Peters v. RFI Enterprises, Inc., No. 5:2018cv02771 - Document 24 (N.D. Cal. 2018)

Court Description: ORDER GRANTING 13 MOTION TO REMAND. Signed by Judge Beth Labson Freeman on 8/15/2018.(blflc2S, COURT STAFF) (Filed on 8/15/2018)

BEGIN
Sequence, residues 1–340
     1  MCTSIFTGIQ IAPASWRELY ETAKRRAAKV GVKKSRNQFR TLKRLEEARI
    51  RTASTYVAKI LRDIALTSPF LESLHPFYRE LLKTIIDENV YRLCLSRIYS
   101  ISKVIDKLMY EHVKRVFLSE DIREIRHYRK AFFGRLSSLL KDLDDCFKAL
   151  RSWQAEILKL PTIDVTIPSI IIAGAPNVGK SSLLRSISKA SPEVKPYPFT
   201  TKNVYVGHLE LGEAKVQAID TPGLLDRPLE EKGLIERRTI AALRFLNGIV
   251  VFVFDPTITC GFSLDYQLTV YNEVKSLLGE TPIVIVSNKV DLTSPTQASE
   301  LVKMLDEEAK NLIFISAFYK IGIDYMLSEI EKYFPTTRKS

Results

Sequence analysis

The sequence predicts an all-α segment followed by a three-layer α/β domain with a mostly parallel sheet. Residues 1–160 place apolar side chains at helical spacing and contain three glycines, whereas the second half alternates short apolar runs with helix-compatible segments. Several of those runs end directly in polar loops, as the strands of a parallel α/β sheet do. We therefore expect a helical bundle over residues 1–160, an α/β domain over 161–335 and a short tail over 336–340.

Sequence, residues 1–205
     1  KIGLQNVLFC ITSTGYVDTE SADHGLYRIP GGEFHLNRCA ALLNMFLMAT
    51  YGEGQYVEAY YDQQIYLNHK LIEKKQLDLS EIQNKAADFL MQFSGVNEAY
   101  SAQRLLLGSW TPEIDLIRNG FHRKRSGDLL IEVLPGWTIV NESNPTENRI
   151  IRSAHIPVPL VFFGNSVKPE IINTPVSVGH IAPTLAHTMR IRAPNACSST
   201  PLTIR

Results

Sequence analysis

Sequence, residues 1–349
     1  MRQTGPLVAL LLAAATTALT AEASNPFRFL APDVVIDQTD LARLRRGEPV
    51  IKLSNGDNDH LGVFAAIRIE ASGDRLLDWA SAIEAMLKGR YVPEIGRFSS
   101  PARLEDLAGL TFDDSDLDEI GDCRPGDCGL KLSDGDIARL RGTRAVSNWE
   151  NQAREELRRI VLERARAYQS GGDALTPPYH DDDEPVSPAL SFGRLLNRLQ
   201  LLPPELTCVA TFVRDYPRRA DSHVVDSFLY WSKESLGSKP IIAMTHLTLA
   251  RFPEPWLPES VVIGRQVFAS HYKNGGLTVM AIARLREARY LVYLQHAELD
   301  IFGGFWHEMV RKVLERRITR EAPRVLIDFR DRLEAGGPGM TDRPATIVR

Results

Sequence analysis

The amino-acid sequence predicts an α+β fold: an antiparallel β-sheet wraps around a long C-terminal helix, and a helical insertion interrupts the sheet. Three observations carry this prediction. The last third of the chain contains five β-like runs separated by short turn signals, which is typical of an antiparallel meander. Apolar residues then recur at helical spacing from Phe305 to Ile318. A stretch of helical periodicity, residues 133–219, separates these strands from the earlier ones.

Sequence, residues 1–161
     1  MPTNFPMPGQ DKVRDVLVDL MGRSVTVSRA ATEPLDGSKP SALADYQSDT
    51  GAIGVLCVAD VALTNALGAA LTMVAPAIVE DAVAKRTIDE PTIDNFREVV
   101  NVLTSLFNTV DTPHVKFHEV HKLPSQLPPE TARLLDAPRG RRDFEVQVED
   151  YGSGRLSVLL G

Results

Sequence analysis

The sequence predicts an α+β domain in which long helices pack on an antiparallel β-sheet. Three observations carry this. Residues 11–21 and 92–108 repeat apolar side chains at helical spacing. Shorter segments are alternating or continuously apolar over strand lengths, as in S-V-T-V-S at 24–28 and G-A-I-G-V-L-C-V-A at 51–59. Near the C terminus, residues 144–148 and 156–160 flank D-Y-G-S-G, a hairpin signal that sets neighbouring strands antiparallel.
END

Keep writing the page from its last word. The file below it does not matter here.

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1 2 3 UNITED STATES DISTRICT COURT 4 NORTHERN DISTRICT OF CALIFORNIA 5 SAN JOSE DIVISION 6 7 BRIAN PETERS, Plaintiff, 8 RFI ENTERPRISES, INC., [Re: ECF 13] Defendant. 11 United States District Court Northern District of California ORDER GRANTING MOTION TO REMAND v. 9 10 Case No. 18-cv-02771-BLF 12 Before the Court is Plaintiff Brian Peters’ (“Peters”) motion to remand on the ground that 13 14 there is no federal question jurisdiction. Mot., ECF 26. For the reasons stated below, the Court 15 GRANTS Peters’ motion. 16 17 I. BACKGROUND On March 5, 2018, Peters, a former employee of Defendant RFI Enterprises, Inc. (“RFI”) 18 filed a Private Attorneys General Act Complaint in Superior Court of the State of California, Santa 19 Clara County, on behalf of all employees aggrieved between December 28, 2016 and the present. 20 Compl., ECF 1, Exh. A. In his complaint, he alleges that RFI violated several provisions of the 21 California Labor Code by failing to (a) timely pay wages to its employees; (b) correctly calculate 22 the regular rate of pay for employees, leading to incorrect overtime payments; and (c) provide 23 proper payroll records. Id. The following facts are taken from Peters’ complaint. 24 Peters was a non-exempt employee at RFI’s location in San Jose, California. Id. ¶ 8. 25 Throughout Peters’ employment, RFI failed to pay him and other non-exempt employees timely 26 wages by failing to pay the wages within seven days of the close of the relevant payroll period. Id. 27 ¶ 17. RFI also failed to pay Peters and other non-exempt employees overtime wages at the correct 28 rate of pay by failing to include certain non-discretionary wages in the calculation of the regular 1 rate of pay, which is used in turn to calculate overtime wages. Id. ¶ 18. Moreover, because of this 2 miscalculation, employees’ itemized wage statements were inaccurate. Id. ¶ 19. Peters filed a state court complaint asserting a single cause of action under the Private 3 4 Attorneys General Act of 2004 (“PAGA”), Cal. Labor Code § 2698, et seq. Id. ¶ 21–25. To 5 support his PAGA claim, Peters alleges that RFI violated the following sections of the California 6 Labor Code: (1) Section 204, for failure to timely pay wages; (2) Sections 510, 558, and 1194, for 7 failure to correctly calculate the regular rate of pay, and in turn, overtime wages; and (3) Section 8 226(a), for failure to provide proper payroll records. Id. ¶ 23. On May 9, 2018, RFI filed its answer, in which it asserts a general denial and nine 10 affirmative defenses, three of which are relevant here. Ans., ECF 1, Exh. F at 2–3. In its second 11 United States District Court Northern District of California 9 affirmative defense, Ans. at 2, RFI alleges that Peters’ PAGA claim, as composed of his state law 12 claims, is preempted by Section 301 of the Federal Labor Management Relations Act (“LMRA”), 13 28 U.S.C. § 185. The LMRA provides for federal question jurisdiction over “[s]uits for violation 14 of contracts between an employer and a labor organization” that represents certain eligible 15 employees. Id. In its Notice of Removal (“Not.”), ECF 1 ¶ 5, RFI alleges that, during the relevant 16 time period, Peters and RFI’s other non-exempt employees were subject to a valid collective 17 bargaining agreement (“CBA”).1 See Collective Bargaining Agreement (“CBA”), ECF 1, Exh. D. 18 Peters does not mention this CBA in his complaint. In its fourth affirmative defense, RFI alleges 19 that the collective bargaining agreement (“CBA”) exempted Peters under Labor Code § 204(c) 20 from his right to receive timely wages. Ans. at 2. Likewise, in its fifth affirmative defense, RFI 21 alleges that the CBA exempted Peters under Labor Code § 514 from California’s overtime 22 requirements. Id. On May 10, 2018, RFI removed the case to this Court based on federal question 23 24 jurisdiction claiming that “Section 301 of the [LMRA] preempts Plaintiff’s claims under 25 California law.” Not. ¶ 3. Peters now moves to remand, arguing that there is no federal question 26 jurisdiction. Having carefully considered the submitted papers, the Court GRANTS Peters’ 27 1 28 For the purposes of resolving this Motion only, this Court assumes that a valid collective bargaining agreement applied to Peters and the other aggrieved employees. 2 1 2 motion and remands this action to state court for the reasons discussed below. II. LEGAL STANDARD Removal is proper where the federal courts have original jurisdiction over an action 3 4 brought in state court. 28 U.S.C. § 1441(a). Courts strictly construe the removal statute against 5 removal jurisdiction. E.g., Provincial Gov’t of Marinduque v. Placer Dome, Inc., 582 F.3d 1083, 6 1087 (9th Cir. 2009); Luther v. Countrywide Home Loans Servicing, LP, 533 F.3d 1031, 1034 (9th 7 Cir. 2008). “A defendant seeking removal has the burden to establish that removal is proper and 8 any doubt is resolved against removability.” Luther, 533 F.3d at 1034 (citation omitted); see also 9 Moore-Thomas v. Alaska Airlines, Inc., 553 F.3d 1241, 1244 (9th Cir. 2009) (“[A]ny doubt about 10 the right of removal requires resolution in favor of remand.”). Under 28 U.S.C. § 1331, federal courts have original jurisdiction over civil actions “arising United States District Court Northern District of California 11 12 under the Constitution, laws, or treatises of the United States.” Federal question jurisdiction “is 13 determined, and must exist, as of the time the complaint is filed and removal is effected.” Strotek 14 Corp. v. Air Transp. Ass’n of Am., 300 F.3d 1129, 1131 (9th Cir. 2002). Removal pursuant to 15 Section 1331 is governed by the “well-pleaded complaint rule,” which provides that federal 16 question jurisdiction “exists only when a federal question is presented on the face of the plaintiff’s 17 properly pleaded complaint.” Caterpillar Inc. v. Williams, 482 U.S. 386, 392 (1987). There exists, however, an “independent corollary” to the well-pleaded complaint rule, 18 19 known as the doctrine of complete preemption. Id. at 393 (quoting Franchise Tax Bd. of Cal. v. 20 Constr. Laborers Vacation Tr. for S. Cal., 463 U.S. 1, 22 (1983)). Through complete preemption, 21 certain “extraordinary” federal statutes “convert[] an ordinary state common law complaint into 22 one stating a federal claim for purposes of the well-pleaded complaint rule.” Metro. Life Ins. Co. 23 v. Taylor, 481 U.S. 58, 65 (1987). LMRA § 301 is a federal statute with complete preemptive 24 force. See Caterpillar, 482 U.S. at 393. 25 III. DISCUSSION The issue before this Court is whether LMRA § 301 preempts Peters’ state law claims such 26 27 that original federal question jurisdiction exists to support the removal of this case from state 28 court. 3 LMRA § 301 completely preempts only claims “founded directly on rights created by 1 2 collective-bargaining agreements” or “‘substantially dependent on analysis of a collective- 3 bargaining agreement.’” Caterpillar, 482 U.S. at 395 (quoting Elec. Workers v. Hechler, 481 U.S. 4 851, 859 n.3 (1987)). It is not enough that the “state law cause of action is conditioned on some 5 term or condition of employment that was collectively bargained.” Alaska Airlines Inc. v. 6 Schurke, No. 13–35574, 2018 WL 3636431, at *4 (9th Cir. Aug. 1, 2018) (en banc). Section 301 7 preemption exists “only where a state law claim arises entirely from or requires construction of” a 8 collective bargaining agreement (“CBA”). Id. at *1. The Ninth Circuit has developed a two-step inquiry to determine whether a state law claim 9 satisfies either of these preemption requirements. See Burnside v. Kiewit Pac. Corp., 491 F.3d 11 United States District Court Northern District of California 10 1053, 1059–60 (9th Cir. 2007). First, the court evaluates the “‘legal character’” of the claim by 12 asking “whether [the claim] seeks purely to vindicate a right or duty created by the CBA itself.” 13 Alaska Airlines, 2018 WL 3636431, at *7 (quoting Livadas v. Bradshaw, 512 U.S. 107, 123 14 (1994)). If it does, the claim is preempted. If not, the court then asks “whether litigating the state 15 law claim nonetheless requires interpretation of a CBA.” Id. at *8. Peters argues that RFI fails to satisfy either prong of the Burnside test as to any of the state 16 17 law claims underlying his PAGA claim, including alleged violations of Labor Code §§ 204(a), 18 226(a), 510, 558, and 1194.2 Mot, ECF 13, at 10. RFI challenges Peters’ assertion only as to 19 Sections 510 and 204(a), claiming that Peters’ other claims (including his PAGA claim) are 20 “derivative” of his Section 510 claim. Opp., ECF 15, at 9. This Court assumes for the sake of 21 deciding this Motion that RFI is correct and that Peters’ remaining claims are derivative of his 22 Section 510 claim. As such, this Court need not conduct a separate preemption analysis of those 23 claims. Accord Vasserman v. Henry Mayo Newhall Mem’l Hosp., 65 F. Supp. 3d 932, 964 (C.D. 24 Cal. 2014). This Court decides only whether LMRA § 301 preempts Peters’ claims under 25 Sections 510 or 204(a). The Court discusses each claim in turn. 26 27 2 28 Statutory references throughout this opinion refer to the California Labor Code unless otherwise noted. 4 1 A. Labor Code Section 510 Section 510 sets requirements, in part, for properly calculating overtime compensation for 2 3 certain non-exempt employees. These calculations take into account the “regular rate of pay” of an employee. Section 514 exempts employees from Section 510’s requirements if certain 4 conditions are met: 5 6 7 8 9 Sections 510 and 511 do not apply to an employee covered by a valid collective bargaining agreement if the agreement expressly provides for the wages, hours of work, and working conditions of the employees, and if the agreement provides premium wage rates for all overtime hours worked and a regular hourly rate of pay for those employees of not less than 30 percent more than the state minimum wage. RFI argues that the 2016 CBA triggers Section 514’s exemption. Because the exemption applies, it argues, Peters’ rights depend on the CBA, and thus it satisfies both steps of the Burnside 11 United States District Court Northern District of California 10 test. Opp. at 10–12. The Court discusses both steps in turn. 12 i. Legal Character of the Claim 13 In the first step of the Burnside test, the court “evaluates the ‘legal character’ of the claim 14 by asking whether it seeks purely to vindicate a right or duty created by the CBA itself.” Alaska 15 Airlines, 2018 WL 3636431, at *7 (quoting Livadas, 512 U.S. at 123). 16 According to Peters, RFI fails to satisfy this step because Peters’ state law claims seek to 17 vindicate rights conferred by state law, independent of the CBA. He argues that Section 510 and 18 204(a) (as well as his other, unchallenged claims) are “based on substantive non-waivable rights 19 under state law.” Mot. at 10. He further argues that RFI’s reliance on the exemption to Section 20 510 constitutes an affirmative defense that cannot establish LMRA § 301 preemption under Ninth 21 Circuit governing precedent. Id. (citing Cramer v. Consol. Freightways, Inc., 255 F.3d 683, 691 22 (9th Cir. 2001); Gregory v. SCIE, LLC, 317 F.3d 1050, 1052–53 (9th Cir. 2003)). And he cites 23 several district court cases, including several from this district, that have specifically held that 24 invocation of Section 514 and similar exemptions as affirmative defenses cannot serve as the sole 25 basis for preemption and removal. See Mot. at 15–16; Reply, ECF 16, at 4–5. 26 In opposing Peters’ arguments, RFI argues that Peters’ right to overtime is independent of 27 state law because the CBA triggers Section 514’s exemption, and thus “the [CBA’s] terms (and 28 not state law) control any right to overtime, including the applicable rates.” Opp. at 10 (citing 5 1 Coria v. Recology, Inc., 63 F. Supp. 3d 1093, 1098–1100 (N.D. Cal. 2014)). Because the CBA 2 controls, it concludes, “‘there is no independently created right’ under the Labor Code.” Id. 3 (quoting Raphael v. Tesoro Refining and Mktg. Co., No. 15–CV–02862–ODW, 2015 WL 4 3970293, at *5 (C.D. Cal. June 30, 2015)) (citing Coria, 63 F. Supp. 3d at 1098–1100)). 5 The Ninth Circuit in Alaska Airlines recently provided clear guidance on this step of the 6 Burnside test. The Ninth Circuit explained that the claimed right or duty must be “created by the 7 CBA itself”—that is, the CBA must be the “‘only source’ of the right the plaintiff seeks to 8 vindicate.” 2018 WL 3636431, at *7 (quoting Hawaiian Airlines, Inc. v. Norris, 512 U.S. 246, 9 258 (1994)). To qualify then, the entirety of the claim must rely on interpretation of the CBA. See id. Where, by contrast, the claims “are not simply CBA disputes by another name”—if they 11 United States District Court Northern District of California 10 simply “refer to a CBA-defined right, rely in part on a CBA’s terms of employment, run parallel to 12 a CBA violation, or invite use of the CBA as a defense”—the claims are not preempted. Id. at *8 13 (citations omitted). The “primary point of reference” in this preemption analysis is “the plaintiff’s 14 pleading.” Id. at *9. 15 The Ninth Circuit’s most recent guidance confirms, as the majority of courts to decide the 16 issue have held, that invocation of an exemption like the one codified in Section 514 is not 17 sufficient to find that LMRA § 301 preempts a claim grounded in state law. For this reason, the 18 Court holds that RFI fails to satisfy the first step of the Burnside test. 19 Section 510 confers specific rights for overtime pay to certain employees. Here, Peters’ 20 complaint (the “primary point of reference” for the preemption analysis) claims only a violation of 21 state law, with no reference to the CBA. This omission makes sense, because these rights exist 22 even in the absence of any CBA; by definition, they are not “created by the CBA itself.” Alaska 23 Airlines, 2018 WL 3636431, at *7. That an exemption to Section 510 exists for employees 24 covered by a qualifying CBA does not change the fact that these rights are conferred by state law 25 in the first instance—the legal character of the claim “seek[s] purely to vindicate a right or duty” 26 created by state law, not the CBA. Id. Likewise, the invocation of this exemption as an 27 28 6 1 affirmative defense does not change the character of the claim.3 See id. at *8 (noting that the 2 claim must do more than “invite use of the CBA as a defense”); see also Caterpillar, 482 U.S. at 3 398 (“[T]he presence of a federal question, even a § 301 question, in a defensive argument does 4 not overcome the paramount policies embodied in the well-pleaded complaint rule . . . .”). In 5 practical terms, if the affirmative defense is successful and the exemption applies, Peters simply 6 loses his state law claim. If it does not apply, the CBA is irrelevant. Myriad other courts in this Circuit have come to the same conclusion. For example, in 7 8 Vasserman, the court held that LMRA § 301 did not preempt the plaintiff Vasserman’s state law 9 claims where the defendant invoked Section 514 as a defense. 65 F. Supp. 3d at 954–55. The court first held that “the fact that the § 514 exemption may apply [did] not alter the substance of 11 United States District Court Northern District of California 10 Vasserman’s [Section 510] claim,” which was rooted entirely in state law. Id. at 954. The court 12 then held that the defendant’s reliance on Section 514 as a defense did not change the analysis. Id. 13 at 954–55 (citing Placencia v. Amcor Packaging Distrib., Inc., No. SACV 14–0379 AG, 2014 WL 14 2445957, at *2–*3 (C.D. Cal. May 12, 2014)). Even if the defendant’s Section 514 defense were 15 to ultimately prevail, “Vassserman’s claim [was] premised on state law rights afforded by § 510, 16 not on rights created by the CBA.” Id. at 955. The defendant thus failed to prove that 17 Vasserman’s claim was preempted under the first Burnside step. See also Gregory, 317 F.3d at 18 1052–54. At least one court in this district has reached that same conclusion as to a substantively 19 20 identical argument based on a plaintiff’s claim under Section 512(a) regarding meal periods and a 21 defendant’s defensive invocation of the exemption codified at Section 512(e). See Lopez v. Sysco 22 Corp., No. 15–CV–04420–JSW, 2016 WL 3078840, at *3–*4 (N.D. Cal. Jan. 25, 2016) (citing 23 Vasserman, 65 F. Supp. 3d at 954–55; Placencia, 2014 WL 2445957, at *2). And other courts 24 have reached the same conclusion as to both Section 510 claims and other similar state-law claims. 25 3 26 27 28 Though RFI claims that reading its invocation of Section 514 as a defense is “simplistic and misses the point,” Opp. at 8 n.4, the law is clear that in California “overtime exemption is an affirmative defense that must be pled and proved by the employer.” Campbell v. PricewaterhouseCoopers, LLP, 642 F.3d 820, 825 (9th Cir. 2011) (citing Ramirez v. Yosemite Water Co., 20 Cal. 4th 785, 794 (1999)). Indeed, RFI asserts the Section 514 overtime exemption as its fifth affirmative defense. See Ans. at 2. 7 1 See, e.g., Meza v. Pac. Bell Tel. Co., No. 17–CV–00665–LJO, 2017 WL 3503408, at *5–*6 & n.2 2 (E.D. Cal. Aug. 16, 2017) (Section 510); Cuellar-Ramirez v. US Foods, Inc., No. 16–CV–00085– 3 RS, 2016 WL 1238603, at *4–*6 (N.D. Cal. Mar. 22, 2016) (Section 512(a) and Section 510); 4 Placencia, 2014 WL 2445957, at *2–*3 (Section 510). To the extent the district court’s ruling in 5 Coria, 63 F. Supp. 3d at 1098–1100, is contrary to this wealth of case law, this Court respectfully 6 finds these contrary cases more persuasive. See, e.g., Young v. Securitas Sec. Servs. USA, Inc., 7 No. 17–CV–05342–JCS, 2018 WL 1142190, at *7 (N.D. Cal. Mar. 2, 2018) (finding Vasserman 8 more persuasive); Lopez, 2016 WL 3078840, at *4 (same). 9 In sum, this Court agrees with the overwhelming majority of courts to decide the issue and finds that RFI’s invocation of the Section 514 exemption as an affirmative defense does not 11 United States District Court Northern District of California 10 change the legal character of Peters’ state-law claim. The Court thus holds that RFI fails to satisfy 12 the first Burnside step. 13 14 ii. Whether the Claim Requires Interpretation of the CBA Even where a CBA does not create the right at issue, LMRA § 301 may still preempt the 15 state-law claim when “litigating the state law claim . . . requires interpretation of a CBA,” Alaska 16 Airlines, 2018 WL 3636431, at *8—that is, where the claim is “substantially dependent” upon an 17 analysis of the CBA, Burnside, 491 F.3d at 1060. The term “interpretation” in this context is 18 “construed narrowly, . . . . ‘[I]t means something more than consider, refer to, or apply.’” Alaska 19 Airlines, 2018 WL 3636431, at *8 (quoting Balcorta v. Twentieth Century-Fox Film Corp., 208 20 F.3d 1102, 1108 (9th Cir. 2000) (internal quotation marks omitted)). For the claim to be 21 preempted, there must be an “active dispute” over the meaning of the CBA’s terms. Id. Given 22 this narrow construction, “the result of preemption at the second step is generally not the 23 extinguishment of the state law claim.” Id. 24 At this stage, this Court need not ask whether a court must interpret the CBA to resolve the 25 merits of the ultimate dispute (i.e., whether RFI failed to provide Peters with the correct overtime 26 payments). Instead, it must decide only whether a court must interpret the CBA in order to 27 determine whether the Section 514 exemption applies. See Vasserman, 65 F. Supp. 3d at 956 28 (holding that no interpretation was required to determine the applicability of the exemption); 8 1 Lopez, 2016 WL 3078840, at *4 (same). If a court must interpret the CBA to determine if the 2 exemption applies, the claim would be substantially dependent on the CBA—its viability would 3 turn on how the CBA is interpreted. If, by contrast, a court can determine whether the exemption 4 applies by merely referencing the CBA, the claim is not substantially dependent on any 5 interpretation of the CBA, and the claim is not preempted. 6 According to Peters, RFI fails to satisfy the second prong of the Burnside test because a 7 court need not interpret the CBA to determine whether it satisfies Section 514’s requirements— 8 specifically, whether the CBA provides for “premium wage rates for all overtime hours worked 9 and a regular hourly rate of pay for those employees of not less than 30 percent more than the state minimum wage.” Peters claims that the overtime calculations contemplated by the CBA are 11 United States District Court Northern District of California 10 “unambiguous” and readily comparable to the regular rate provided by California law. Mot. at 14. 12 He admits that the term “regular rate” is not defined in the CBA, but argues that an employee’s 13 hourly rate inarguably constitutes his or her regular rate. Reply at 6. Peters analogizes this case to 14 Controulis v. Anheuser-Busch, No. CV 13–07378 RGK, 2013 WL 6482970, at *2 (C.D. Cal. Nov. 15 20, 2013), where the court determined the claim was not substantially dependent on the CBA 16 because the CBA “explicitly provide[d]” for how to calculate the overtime rate, including by 17 providing a definition of the regular hourly rate. See Mot. at 13–14. Peters argues that the CBA 18 in this case is equally clear, such that the issue here is “not how the overtime rate is 19 calculated, . . . but whether that calculation”—(here, the failure to include wage premiums and 20 shift differential pay)—“violates California law.” Controulis, 2013 WL 6482970, at *2; see Reply 21 at 6. 22 RFI, by contrast, argues that Peters’ overtime claims require interpretation of “at least 23 several terms and provisions” in the CBA, including interpretation of the undefined terms “regular 24 rate,” “shift hourly rate,” “pyramiding,” and “straight time rate.” Opp. at 11 (quoting CBA §§ 4.2 25 (A), (D), (E); 4.3(A); and Addendum A). According to RFI, “[e]ach of these terms . . . directly 26 impacts the overtime that may be due.” Id. RFI analogizes this case to McKinley v. Southwest 27 Airlines Co., No. CV 15–02939–AB, 2015 WL 2431644, at *8 (C.D. Cal. May 19, 2015), where 28 the court held the claim was substantially dependent on the CBA because the CBA did not set 9 1 forth, on its face, how to properly calculate the hourly rate, and in turn the regular rate for 2 purposes of calculating overtime pay. See Opp. at 12. Like that case, RFI argues, the claim here 3 substantially depends on interpretation of the CBA. This Court finds that Peters’ claim is not substantially dependent on the CBA, because a 5 court need not interpret the CBA to determine whether the exemption applies. The CBA clearly 6 dictates how to calculate overtime payments. See CBA §§ 4.2, 4.3. Though RFI argues that the 7 term “regular rate” is undefined, RFI’s counsel has elsewhere made clear that “it is beyond dispute 8 that when an employee is paid an hourly rate, the hourly rate constitutes their regular rate.” See 9 Reply at 6 & n.3 (quoting Decl. of Kristen M. Agnew, Dkt. 12-1, Peters v. RFI Enterprises Inc., 10 No. 18–CV–1187–BLF (N.D. Cal.)). From there, the provisions of the CBA are straightforward: 11 United States District Court Northern District of California 4 Addendum A sets the applicable hourly rates (termed “”straight time rate”) for employees by 12 classification (as dictated by CBA § 4.7). In § 4.2(D), the CBA provides that “all overtime 13 work . . . shall be paid at one and one-half (1-1/2) times the ‘shift’ hourly rate,” which is plainly 14 defined in CBA §§ 4.2(A) and (B). Finally, § 4.3 sets forth the proper calculations for overtime 15 rates outside of regular working hours and on holidays and weekends. All a court need do is refer 16 to the CBA to determine whether it exempts Peters under Section 514. Mere reference to the CBA 17 is not enough to find the claim substantially dependent on the CBA. See Alaska Airlines, 2018 18 WL 3636431, at *8. 19 This case is thus more similar to Controulis than McKinley. The court in McKinley 20 determined that a court would need to “consider the interaction of multiple CBA provisions to 21 calculate the Plaintiff’s regular rate of pay.” 2015 WL 2431644 at *6. At the same time, the 22 McKinley court distinguished Controulis, where the CBA “laid out specific calculations for 23 employees’ regular rates of pay” for the purposes of calculating overtime. Id. at *8; see id. at *7 24 (distinguishing Controulis). Here, the regular rate of pay is indisputably the hourly rate, which is 25 clearly set forth in Addendum A. The overtime payments reliant on that rate are straightforward. 26 As such, a court need not interpret the CBA to determine the amount of overtime pay, and in turn 27 whether the Section 514 exemption is met. See Gregory, 317 F.3d at 1052–53. Because the claim 28 is not substantially dependent on the CBA, LMRA § 301 does not preempt Peters’ claim under 10 1 2 3 this step of the Burnside test either. RFI thus fails to demonstrate that LMRA § 301 preempts Peters’ state-law claim under Section 510, such that this claim cannot serve as the basis for federal question jurisdiction. 4 B. 5 Section 204(a) sets requirements, in part, for the timing of wage payments. Section 204(c) Labor Code Section 204(a) 6 exempts employees from Section 204(a)’s requirements if they are “covered by a collective 7 bargaining agreement that provides different pay arrangements.” These “different pay 8 arrangements” are considered in relation to those arrangements mandated by Sections 204(a) and 9 (d), which together require that wages be paid within a certain amount of time following the close 10 United States District Court Northern District of California 11 of a pay period. RFI argues that the CBA triggers Section 204(c)’s exemption. Because the exemption 12 applies, it argues, Peters’ rights depend on the CBA, and thus both steps of the Burnside inquiry 13 are satisfied. Opp. at 13. The Court discusses both steps in turn. 14 i. Legal Character of the Claim 15 Unlike with Section 514, RFI does not expressly argue that the alleged application of 16 Section 204(c) transforms the claim into one based on a right “created by” the CBA, so as to 17 satisfy the first step of the Burnside factor. Alaska Airlines, 2018 WL 3636431, at *7. But to the 18 extent RFI does so argue, the Court holds that, as with RFI’s invocation of Section 514, the mere 19 assertion of Section 204(c) as an affirmative defense (Ans. at 2) does not create LMRA § 301 20 preemption under this step. As with Section 510, Section 204(a) confers specific rights on 21 employees, independent of the existence of a CBA. Invocation of an exemption based on 22 provisions in a CBA does not transform those state-law rights into rights conferred by the CBA. 23 See Vasserman, 65 F. Supp. 3d at 954–55; Wawock v. CSI Elec. Contractors Inc, No. CV 12– 24 9308 ABC, 2013 WL 12114469, at *2 (C.D. Cal. Jan. 7, 2013) (holding that Section 204 25 exemption is a defense). Thus, for the same reasons that RFI’s invocation of Section 514 fails, its 26 invocation of Section 204(c) must fail as well. 27 28 ii. Whether the Claim Requires Interpretation of the CBA RFI does argue, by contrast, that the CBA sets forth a “different pay arrangement” because 11 1 it sets forth a different schedule with respect to when wages should be paid than is ordinarily 2 required under Section 204(a). Opp. at 13 (citing CBA § 4.7). CBA § 4.7 states that “[w]ages 3 shall be paid weekly and no more than three (3) days wages shall be withheld.” RFI contends that 4 this provision is “vague, requiring analysis and interpretation,” because it does not contain “any 5 express provision for when RFI must pay weekly wages.” Id. Peters argues that it is precisely 6 because the CBA lacks such a provision that a court need not interpret it to determine whether a 7 different pay arrangement exists. See Mot. at 12–13; Reply at 7–8. While the provision is explicit 8 as to “how frequently an employee is to be paid, . . . in no way does it address when the employee 9 is to receive wage payments from Defendant.” Mot. at 13. As with Peters’ Section 510 claim, the question here is whether the existence of a different 10 United States District Court Northern District of California 11 pay arrangement is evident on the face of the CBA such that a court can determine, without 12 interpreting the CBA, whether the Section 204(c) exemption applies. This Court holds that the 13 CBA’s provisions related to the timing of wage payments are unambiguous, and thus a court need 14 not interpret the CBA to determine whether the exemption applies. Both parties agree that the 15 CBA provisions do not speak to the frequency at which RFI must pay its employees. And the 16 relevant provisions the CBA does include are clear on their faces. Whether such provisions can 17 nonetheless constitute a “different pay arrangement” is a question of state law, dependent on 18 interpretation of Section 204, not on interpretation of the CBA. See Gregory, 317 F.3d at 1052– 19 53; cf. Alaska Airlines, 2018 WL 3636431, at *12 (holding that dispute over whether the plaintiff 20 satisfied the terms of the statute upon which the claim was based was a “dispute over state law,” 21 not the CBA). Thus the claim is not substantially dependent on state law, and RFI fails to satisfy 22 the second step of Burnside. Having failed both steps of the Burnside test, RFI cannot demonstrate that LMRA § 301 23 24 preempts Peters’ state-law claim under Section 204(a), such that this claim cannot serve as the 25 basis for federal question jurisdiction. 26 IV. 27 28 ORDER For the foregoing reasons, the Court finds that RFI has not met its burden to establish that removal is proper and GRANTS the motion to remand. IT IS HEREBY ORDERED that: 12 1 1. The motion to remand is GRANTED. 2 2. The Clerk shall REMAND this case to Santa Clara County Superior Court. All 3 other matters are TERMINATED and VACATED, and the Clerk shall close this file. 4 5 6 7 8 IT IS SO ORDERED. Dated: August 15, 2018 ______________________________________ BETH LABSON FREEMAN United States District Judge 9 10 United States District Court Northern District of California 11 12 13 14 15 16 17 18 19 20 21 22 23 24 25 26 27 28 13